Skip to comments.Astronomy Picture of the Day -- Quantum Streampunk Fantasy Fractal Landscape
Posted on 12/30/2013 10:06:59 AM PST by SunkenCiv
Explanation: What strange world is this? Pictured above is no real place but rather a purely mathematical visualization of a generalization of a fractal into three dimensions. Classical fractal diagrams are typically confined to the two dimensions inherent in the complex number plane, demarking regions where an iterative function diverges. Recently explored additions expand the Mandelbrot set of fractals to three dimensions with prescriptions dubbed Mandelbox and Mandelbulb sets. The results are often visually stunning creations of virtual worlds with limitless detail, some of which you can fly through. Pictured above is one such mathematical fantasy, possibly reminiscent of some sort of steam-punkian, quantum-mechanical landscape.
(Excerpt) Read more at 126.96.36.199 ...
[Credit & Copyright: Jos Leys (Mathematical Imagery), Ultra Fractal]
Please, please, venture a guess as to what this APOD has to do with Astronomy?
Picky, picky, picky. ;’)
Fractals are MUCH prettier in one dimenstion, IMHO!
The Mandelbrot set is much bigger than the entire physical universe. It is a universe of universes, infinite.
One could argue that those who explore it engaging in a type of astronomy, at least in an abstract sense.
In any event, I think that the type of curiosity that motivates one to explore the physical universe is probably related to the type of curiosity that motivates those who explore the Mandelbrot set.
It’s an artist’s “abstract” construct depicting the degradation of present-day society, representing the collective suckling & draining of the Government teat ....
Just about everything in nature has a fractal dimension, from galaxies to coastlines. Programs with fractal bases are what is used by CGI folk when they want to create a visualization of a fictional planet, because they look much more real than just about anything else.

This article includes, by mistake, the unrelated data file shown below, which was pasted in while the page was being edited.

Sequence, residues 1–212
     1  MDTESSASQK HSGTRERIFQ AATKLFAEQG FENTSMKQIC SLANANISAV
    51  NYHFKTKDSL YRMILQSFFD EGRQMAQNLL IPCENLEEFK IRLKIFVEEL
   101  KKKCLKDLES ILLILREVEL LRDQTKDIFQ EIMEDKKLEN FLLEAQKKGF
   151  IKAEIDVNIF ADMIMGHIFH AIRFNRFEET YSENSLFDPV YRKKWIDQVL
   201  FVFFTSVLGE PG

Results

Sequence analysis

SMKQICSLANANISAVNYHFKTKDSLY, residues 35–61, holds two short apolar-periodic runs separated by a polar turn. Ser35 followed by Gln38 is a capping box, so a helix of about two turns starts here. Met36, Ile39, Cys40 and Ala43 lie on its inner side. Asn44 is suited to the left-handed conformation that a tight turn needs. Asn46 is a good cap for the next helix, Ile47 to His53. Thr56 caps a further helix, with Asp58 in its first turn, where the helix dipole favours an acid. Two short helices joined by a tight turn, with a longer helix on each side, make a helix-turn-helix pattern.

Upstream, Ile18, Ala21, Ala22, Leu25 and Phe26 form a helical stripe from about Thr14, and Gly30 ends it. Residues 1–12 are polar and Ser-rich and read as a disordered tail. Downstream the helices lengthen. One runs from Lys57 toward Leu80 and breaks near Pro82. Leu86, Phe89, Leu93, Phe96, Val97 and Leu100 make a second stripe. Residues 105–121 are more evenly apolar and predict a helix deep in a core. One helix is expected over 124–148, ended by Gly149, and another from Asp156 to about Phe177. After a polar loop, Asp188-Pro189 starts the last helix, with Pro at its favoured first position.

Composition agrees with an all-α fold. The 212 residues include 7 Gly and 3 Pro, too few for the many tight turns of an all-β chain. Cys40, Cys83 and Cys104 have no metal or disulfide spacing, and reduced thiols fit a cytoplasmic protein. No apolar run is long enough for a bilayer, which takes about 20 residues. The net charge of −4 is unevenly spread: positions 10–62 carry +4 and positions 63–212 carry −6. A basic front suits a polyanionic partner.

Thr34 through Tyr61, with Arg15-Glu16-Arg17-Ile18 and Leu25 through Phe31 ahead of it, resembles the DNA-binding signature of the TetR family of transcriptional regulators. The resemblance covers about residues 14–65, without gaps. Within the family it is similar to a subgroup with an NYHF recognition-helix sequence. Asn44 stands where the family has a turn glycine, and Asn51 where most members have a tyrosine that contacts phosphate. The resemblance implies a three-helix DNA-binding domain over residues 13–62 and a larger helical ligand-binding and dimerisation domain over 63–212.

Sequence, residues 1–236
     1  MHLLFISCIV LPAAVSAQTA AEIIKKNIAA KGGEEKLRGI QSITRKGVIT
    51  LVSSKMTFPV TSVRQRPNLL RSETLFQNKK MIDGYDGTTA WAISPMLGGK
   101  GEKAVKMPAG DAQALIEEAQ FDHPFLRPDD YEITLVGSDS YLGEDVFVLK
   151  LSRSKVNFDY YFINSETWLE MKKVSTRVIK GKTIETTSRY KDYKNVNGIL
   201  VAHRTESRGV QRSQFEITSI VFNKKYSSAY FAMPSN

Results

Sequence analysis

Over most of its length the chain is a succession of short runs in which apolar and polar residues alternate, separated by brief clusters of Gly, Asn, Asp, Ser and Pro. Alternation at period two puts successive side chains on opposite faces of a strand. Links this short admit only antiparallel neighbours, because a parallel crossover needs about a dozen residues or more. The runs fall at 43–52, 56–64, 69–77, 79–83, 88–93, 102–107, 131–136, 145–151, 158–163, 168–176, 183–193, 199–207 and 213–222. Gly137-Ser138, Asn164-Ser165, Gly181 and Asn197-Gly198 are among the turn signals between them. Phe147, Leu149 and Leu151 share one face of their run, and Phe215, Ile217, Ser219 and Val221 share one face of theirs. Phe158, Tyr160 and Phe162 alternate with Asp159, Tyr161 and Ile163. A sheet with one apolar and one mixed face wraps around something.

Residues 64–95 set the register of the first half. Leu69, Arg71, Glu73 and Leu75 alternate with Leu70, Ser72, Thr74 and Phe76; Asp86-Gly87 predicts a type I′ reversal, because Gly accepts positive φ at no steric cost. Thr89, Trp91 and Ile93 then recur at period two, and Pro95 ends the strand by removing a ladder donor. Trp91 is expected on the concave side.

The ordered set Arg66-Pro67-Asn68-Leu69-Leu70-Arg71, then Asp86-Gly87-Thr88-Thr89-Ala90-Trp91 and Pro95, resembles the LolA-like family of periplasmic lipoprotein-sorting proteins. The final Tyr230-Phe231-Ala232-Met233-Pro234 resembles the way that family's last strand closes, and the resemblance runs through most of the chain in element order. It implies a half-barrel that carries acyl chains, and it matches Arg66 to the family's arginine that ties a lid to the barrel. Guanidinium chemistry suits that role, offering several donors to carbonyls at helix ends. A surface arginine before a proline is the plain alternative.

In fact, folks have found fractals embedded in physical processes such as phase transitions from liquid to solid.
It's more relavant than you think, and besides, fractals look cool. :-)
I've played with mandelbulb before, but I really couldn't get anything cool out of it.
Looks to me like a 3-D image of the Obamacare Bureaucracy.
The big orb in the middle would be the Death Panel.
Sorry - Ping to #10.
LOL, that works too ;)
Either way, we’re fract’ ....
I was there once in the 70s.
That’s the thing about “art” — it’s not supposed to make sense ...
My daughter said that reminds her of the pictures she put in her school project on LSD. She had the second best project, but the guy with the project on mushrooms beat her.
"I have this philosophy of goodness. Mathematics should contain goodness. So in the case of the elliptic equation, one might call the equation good if it is parameterized by a modular form. I expect all elliptic equations to be good. It's a rather crude philosophy but one can always take it as a starting point. Then, of course, I had to develop various technical reasons for the conjecture. I might say the conjecture stemmed from that philosophy of goodness. Most mathematicians do mathematics from an aesthetic point of view and that philosophy of goodness comes from my aesthetic viewpoint."
This then newly discovered relationship twixt elliptic equations and modular forms, seemed secondary to Shimura if it was not "good". In the sense that mathematics seems wedded to the structure of the universe, I for example, take this as strong evidence for God in existence, especially given the recent discovery of another separate "language" encoded deep within the DNA molecule itself. This sense of "mapping" via mathematics and physics seems to me to undercut randomness being from what Creation was wrought.
Gads, that’s hideous.
If zits were lifeforms, there you go.
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